You need to be aware that a firm that is acting for the scheme will not be looking after your interests, although it must still act honestly. You should use your own trusted law firm or other advisers and be wary of using a firm arranged by those running the scheme.

Here are a few questions to ask:

  • Who is the law firm working for? Most often not for you. Instead they are working for the company trying to persuade you to hand over your money.
  • Is the investment company using a law firm in its marketing? An investment company does not need to promote its products by involving a law firm. A law firm does not mean security. In fact, it may be a warning sign if used as a selling point.
  • Are you being asked for a large deposit? A deposit in a property transaction would normally be no higher than around 10 percent. In dubious schemes we have seen so-called deposits ranging from 30 to 80 percent. This is not a deposit, but a high-risk payment of the price in advance.

Tips on how to avoid a scam

  • It’s common sense, but still worth saying: Do not invest in schemes that are “too good to be true.”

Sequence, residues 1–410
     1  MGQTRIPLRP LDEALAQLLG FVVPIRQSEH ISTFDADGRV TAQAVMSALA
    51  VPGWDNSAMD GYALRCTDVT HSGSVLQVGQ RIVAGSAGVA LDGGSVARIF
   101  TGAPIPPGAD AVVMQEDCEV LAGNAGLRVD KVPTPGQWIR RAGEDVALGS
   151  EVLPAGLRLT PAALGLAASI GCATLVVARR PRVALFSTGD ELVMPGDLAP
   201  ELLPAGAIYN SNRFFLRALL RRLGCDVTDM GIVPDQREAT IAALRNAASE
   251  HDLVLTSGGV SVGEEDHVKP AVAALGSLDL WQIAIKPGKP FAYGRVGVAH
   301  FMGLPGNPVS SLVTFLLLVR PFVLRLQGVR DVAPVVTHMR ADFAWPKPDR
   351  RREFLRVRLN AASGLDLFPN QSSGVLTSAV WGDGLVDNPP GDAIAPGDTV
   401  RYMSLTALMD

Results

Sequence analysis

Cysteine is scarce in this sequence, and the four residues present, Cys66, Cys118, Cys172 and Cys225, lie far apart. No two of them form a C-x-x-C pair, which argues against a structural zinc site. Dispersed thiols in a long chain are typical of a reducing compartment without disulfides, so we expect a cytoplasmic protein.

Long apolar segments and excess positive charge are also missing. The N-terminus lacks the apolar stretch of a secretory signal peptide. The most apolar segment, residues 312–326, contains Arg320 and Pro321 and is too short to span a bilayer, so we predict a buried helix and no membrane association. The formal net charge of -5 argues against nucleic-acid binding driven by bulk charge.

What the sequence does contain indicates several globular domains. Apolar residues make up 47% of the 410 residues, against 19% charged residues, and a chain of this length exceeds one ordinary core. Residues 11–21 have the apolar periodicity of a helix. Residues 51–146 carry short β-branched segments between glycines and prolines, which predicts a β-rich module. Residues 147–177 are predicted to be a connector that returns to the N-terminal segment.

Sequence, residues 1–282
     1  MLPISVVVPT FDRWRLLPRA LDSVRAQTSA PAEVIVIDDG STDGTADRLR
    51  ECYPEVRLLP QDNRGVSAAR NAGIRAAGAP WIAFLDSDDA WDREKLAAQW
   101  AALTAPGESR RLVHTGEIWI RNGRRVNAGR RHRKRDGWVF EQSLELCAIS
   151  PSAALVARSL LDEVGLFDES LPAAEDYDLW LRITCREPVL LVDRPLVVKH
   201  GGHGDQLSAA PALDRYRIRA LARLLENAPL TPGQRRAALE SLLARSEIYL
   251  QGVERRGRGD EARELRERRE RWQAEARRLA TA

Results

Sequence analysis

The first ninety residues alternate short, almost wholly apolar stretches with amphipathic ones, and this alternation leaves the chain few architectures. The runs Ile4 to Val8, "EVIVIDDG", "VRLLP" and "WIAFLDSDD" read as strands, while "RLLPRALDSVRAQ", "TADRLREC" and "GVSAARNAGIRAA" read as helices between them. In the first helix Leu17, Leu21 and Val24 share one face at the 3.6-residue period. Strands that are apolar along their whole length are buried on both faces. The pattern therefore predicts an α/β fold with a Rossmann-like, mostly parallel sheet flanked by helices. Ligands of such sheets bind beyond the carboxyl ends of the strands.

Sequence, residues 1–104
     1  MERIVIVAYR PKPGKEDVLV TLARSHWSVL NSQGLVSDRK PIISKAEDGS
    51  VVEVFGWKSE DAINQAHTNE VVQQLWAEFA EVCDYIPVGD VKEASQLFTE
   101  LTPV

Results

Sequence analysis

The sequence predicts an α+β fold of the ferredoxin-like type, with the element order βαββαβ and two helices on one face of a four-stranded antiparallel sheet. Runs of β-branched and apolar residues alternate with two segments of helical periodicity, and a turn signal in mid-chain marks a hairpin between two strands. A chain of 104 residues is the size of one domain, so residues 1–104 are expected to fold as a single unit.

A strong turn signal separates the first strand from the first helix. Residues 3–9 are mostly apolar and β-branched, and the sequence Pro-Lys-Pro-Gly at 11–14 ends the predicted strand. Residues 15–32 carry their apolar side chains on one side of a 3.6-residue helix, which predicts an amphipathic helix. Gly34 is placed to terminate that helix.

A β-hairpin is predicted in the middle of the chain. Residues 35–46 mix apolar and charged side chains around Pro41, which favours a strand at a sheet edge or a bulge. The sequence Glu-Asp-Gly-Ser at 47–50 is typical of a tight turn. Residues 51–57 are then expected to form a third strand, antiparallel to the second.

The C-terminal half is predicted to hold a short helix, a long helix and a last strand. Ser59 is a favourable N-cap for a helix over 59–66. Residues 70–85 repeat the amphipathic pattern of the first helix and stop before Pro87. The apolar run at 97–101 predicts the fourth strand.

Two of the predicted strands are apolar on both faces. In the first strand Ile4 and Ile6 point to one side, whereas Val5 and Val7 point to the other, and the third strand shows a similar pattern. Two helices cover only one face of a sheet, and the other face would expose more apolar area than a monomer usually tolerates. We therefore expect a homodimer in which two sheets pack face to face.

• Always get your own independent advice from a law firm or other trusted professional.
  • Make sure your own adviser looks carefully at the documents. Schemes often promise a lot and look as though they could work in theory, but detail in the small print means they probably won’t in reality.
  • Do your homework. Research the scheme and look at official sources. Look for warnings or decisions from financial regulators. You can usually find details on their websites.
  • Do not be pushed to get involved quickly. it is very common for the fraudsters to say you have to act urgently. If they say that, you should be very suspicious.
  • If the proposed investment is in something unusual, ask yourself why? Remember, the suggested asset will be worthless if it is a scam, or if the company managing it is not well run and closes.

The best protection from real estate scams in Mexico is to be aware of the risks and take sensible steps to protect yourself. Remember, if it’s too good to be true, stop and think about it before you risk your money.